Older People Living with Cancer

Peer advocates supporting older people affected by cancer

Poor old Guy and his fellow conspirators would have had no need to resort to gunpowder had they had the right to free speech, freedom of thought, religion and belief, and the prohibition of torture and inhuman treatment.

1 Comment

Ahead of November 5th, we have a really thought provoking post from Rhonda Oliver of Barnet Macmillan Cancer Advocacy Service (Advocacy in Barnet). We hope you enjoy it as much as we did:

 

guy-fawkes

 

Remember, remember, the fifth of November

Gunpowder treason and plot

We see no reason why gunpowder treason should ever be forgot!

The fireworks are already starting near me as a prelude to the gruesome Guy Fawkes’ Day commemoration (or it could be the happier celebration of Diwali) and I tried to remember what I knew about the Gunpowder Plot. Guy Fawkes and several other conspirators plotted to blow up the Houses of Parliament to protest against the poor treatment and oppression of Catholics under the reign of King James I (James VI of Scotland) 1566-1625.

This made me think of the Human Rights Act – like you would – and its protections. Poor old Guy and his fellow conspirators  would have had no need to resort to gunpowder had they had the right to free speech, freedom of thought, religion and belief, and the prohibition of torture and inhuman treatment.

Rhonda Oliver

Rhonda Oliver

 

My grasshopper brain then leapt to the Brexiteers’ proposed “British Bill of Rights and Responsibilities” and I wondered how this might impact on advocacy – if at all?

We have had cause to consider invoking the Act in a case where someone was being pressured into leaving their home by the local authority under the “Respect for privacy and family life” provisions. In the end, sanity prevailed and the person was supported by their advocate to stay at home. I wonder whether any other Advocacy groups have had cause to use the Act to ensure that public organisations (including Government, the Police and local councils) treat everyone equally with fairness, dignity and respect? It would be great to hear about them.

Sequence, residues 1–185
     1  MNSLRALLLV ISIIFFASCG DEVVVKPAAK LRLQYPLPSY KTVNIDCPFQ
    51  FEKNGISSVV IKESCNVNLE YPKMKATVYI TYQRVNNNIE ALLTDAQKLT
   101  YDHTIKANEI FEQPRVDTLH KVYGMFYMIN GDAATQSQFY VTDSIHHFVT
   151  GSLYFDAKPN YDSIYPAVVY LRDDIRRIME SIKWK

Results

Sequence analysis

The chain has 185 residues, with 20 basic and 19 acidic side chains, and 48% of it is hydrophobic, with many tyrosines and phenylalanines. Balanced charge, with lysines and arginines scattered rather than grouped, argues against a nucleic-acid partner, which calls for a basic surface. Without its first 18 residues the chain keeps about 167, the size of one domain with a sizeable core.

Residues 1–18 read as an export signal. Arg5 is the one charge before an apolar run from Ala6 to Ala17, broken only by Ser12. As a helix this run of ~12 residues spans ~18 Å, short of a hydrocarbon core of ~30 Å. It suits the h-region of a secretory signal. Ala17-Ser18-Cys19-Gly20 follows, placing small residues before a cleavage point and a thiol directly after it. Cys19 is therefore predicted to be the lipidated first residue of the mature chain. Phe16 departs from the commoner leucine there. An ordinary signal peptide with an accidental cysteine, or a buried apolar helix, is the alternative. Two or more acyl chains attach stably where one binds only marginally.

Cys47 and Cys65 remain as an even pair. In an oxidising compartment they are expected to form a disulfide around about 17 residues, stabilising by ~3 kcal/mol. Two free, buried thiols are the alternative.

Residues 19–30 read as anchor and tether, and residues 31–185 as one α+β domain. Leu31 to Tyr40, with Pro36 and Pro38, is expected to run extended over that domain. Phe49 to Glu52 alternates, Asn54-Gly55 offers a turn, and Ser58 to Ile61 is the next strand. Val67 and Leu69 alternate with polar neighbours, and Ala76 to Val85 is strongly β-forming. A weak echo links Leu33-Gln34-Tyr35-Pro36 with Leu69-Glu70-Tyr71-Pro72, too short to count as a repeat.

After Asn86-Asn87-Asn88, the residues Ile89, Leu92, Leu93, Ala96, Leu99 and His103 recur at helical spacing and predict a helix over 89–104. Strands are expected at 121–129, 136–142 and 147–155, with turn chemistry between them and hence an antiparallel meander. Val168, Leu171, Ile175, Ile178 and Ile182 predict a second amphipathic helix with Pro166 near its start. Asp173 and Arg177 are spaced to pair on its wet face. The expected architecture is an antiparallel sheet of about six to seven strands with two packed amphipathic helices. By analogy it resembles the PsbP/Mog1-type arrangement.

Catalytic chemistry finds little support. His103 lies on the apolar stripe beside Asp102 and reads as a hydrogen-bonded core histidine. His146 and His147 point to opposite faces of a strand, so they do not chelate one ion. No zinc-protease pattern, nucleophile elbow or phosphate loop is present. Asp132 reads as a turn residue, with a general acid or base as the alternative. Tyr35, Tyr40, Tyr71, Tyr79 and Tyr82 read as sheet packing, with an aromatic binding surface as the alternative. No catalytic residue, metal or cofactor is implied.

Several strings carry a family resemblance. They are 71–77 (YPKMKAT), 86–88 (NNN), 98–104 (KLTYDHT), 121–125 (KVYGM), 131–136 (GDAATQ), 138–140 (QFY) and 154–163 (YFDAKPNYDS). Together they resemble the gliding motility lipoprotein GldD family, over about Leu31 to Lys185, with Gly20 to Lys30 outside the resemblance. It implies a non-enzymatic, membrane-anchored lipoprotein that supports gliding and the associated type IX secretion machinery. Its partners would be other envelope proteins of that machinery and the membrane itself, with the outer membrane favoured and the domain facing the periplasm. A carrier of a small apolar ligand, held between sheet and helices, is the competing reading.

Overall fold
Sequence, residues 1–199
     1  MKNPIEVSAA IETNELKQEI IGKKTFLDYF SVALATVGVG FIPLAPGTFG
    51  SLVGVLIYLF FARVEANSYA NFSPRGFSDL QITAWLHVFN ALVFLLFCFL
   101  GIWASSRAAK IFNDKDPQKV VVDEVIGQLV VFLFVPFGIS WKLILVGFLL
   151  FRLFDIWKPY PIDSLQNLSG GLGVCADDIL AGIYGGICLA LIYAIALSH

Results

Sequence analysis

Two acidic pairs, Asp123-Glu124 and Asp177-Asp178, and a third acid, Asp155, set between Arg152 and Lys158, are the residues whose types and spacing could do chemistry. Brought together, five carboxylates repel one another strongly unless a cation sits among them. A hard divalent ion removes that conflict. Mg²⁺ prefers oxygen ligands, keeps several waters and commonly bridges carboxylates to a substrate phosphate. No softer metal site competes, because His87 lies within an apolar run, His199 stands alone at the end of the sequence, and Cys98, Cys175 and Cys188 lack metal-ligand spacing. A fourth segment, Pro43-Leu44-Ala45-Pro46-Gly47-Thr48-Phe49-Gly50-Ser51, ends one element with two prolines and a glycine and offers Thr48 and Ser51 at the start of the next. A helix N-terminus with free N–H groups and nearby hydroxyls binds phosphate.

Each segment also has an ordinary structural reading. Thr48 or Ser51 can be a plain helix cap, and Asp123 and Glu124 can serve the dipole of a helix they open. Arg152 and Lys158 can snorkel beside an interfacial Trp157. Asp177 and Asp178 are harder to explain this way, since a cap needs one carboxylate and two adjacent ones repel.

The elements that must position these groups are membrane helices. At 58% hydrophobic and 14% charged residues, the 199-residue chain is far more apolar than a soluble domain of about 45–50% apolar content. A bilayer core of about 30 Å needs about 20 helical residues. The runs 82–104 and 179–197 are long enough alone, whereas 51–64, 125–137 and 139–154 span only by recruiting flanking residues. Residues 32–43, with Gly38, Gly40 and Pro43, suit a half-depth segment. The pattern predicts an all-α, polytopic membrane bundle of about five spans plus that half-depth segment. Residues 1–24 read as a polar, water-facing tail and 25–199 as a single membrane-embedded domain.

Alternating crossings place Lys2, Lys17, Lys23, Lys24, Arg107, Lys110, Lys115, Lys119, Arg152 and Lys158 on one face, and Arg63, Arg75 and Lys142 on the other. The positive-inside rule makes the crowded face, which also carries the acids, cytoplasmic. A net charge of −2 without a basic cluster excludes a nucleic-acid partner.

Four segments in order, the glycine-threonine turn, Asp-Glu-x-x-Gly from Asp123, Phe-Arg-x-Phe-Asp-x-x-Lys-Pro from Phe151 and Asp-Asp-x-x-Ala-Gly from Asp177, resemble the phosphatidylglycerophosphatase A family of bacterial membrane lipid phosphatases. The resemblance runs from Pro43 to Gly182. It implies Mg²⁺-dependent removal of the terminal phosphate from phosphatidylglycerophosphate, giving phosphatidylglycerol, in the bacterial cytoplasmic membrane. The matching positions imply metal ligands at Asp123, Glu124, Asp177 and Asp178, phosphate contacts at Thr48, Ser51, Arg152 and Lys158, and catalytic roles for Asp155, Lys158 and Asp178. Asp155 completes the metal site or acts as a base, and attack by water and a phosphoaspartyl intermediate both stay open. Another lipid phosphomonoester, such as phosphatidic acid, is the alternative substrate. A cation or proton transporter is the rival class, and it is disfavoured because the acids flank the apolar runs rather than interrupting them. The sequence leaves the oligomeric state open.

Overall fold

We must hope that any new bill would not weaken everyone’s rights by leaving politicians of whatever stripe to decide when fundamental freedoms should apply.

 

So, holler boys, holler boys, Let the bells ring.

Holler boys, holler boys, God save the king.

 

And what shall we do with him?

Burn him!

Have you had cause to use The Human Rights Act in your advocacy practice? If so, do let us know and join the conversation.

Rhonda Oliver, Barnet Macmillan Cancer Advocacy Service 

Advertisements

Author: Marie McWilliams

OPAAL's National Development Officer

One thought on “Poor old Guy and his fellow conspirators would have had no need to resort to gunpowder had they had the right to free speech, freedom of thought, religion and belief, and the prohibition of torture and inhuman treatment.

  1. Hi Marie

    Just wanted to say how powerful I think this blog is and how it will hopefully give cause to us all to think more about the use of the Human Rights Act in our advocacy work.

    Dorothy

    Like

Leave a Reply

Fill in your details below or click an icon to log in:

WordPress.com Logo

You are commenting using your WordPress.com account. Log Out / Change )

Twitter picture

You are commenting using your Twitter account. Log Out / Change )

Facebook photo

You are commenting using your Facebook account. Log Out / Change )

Google+ photo

You are commenting using your Google+ account. Log Out / Change )

Connecting to %s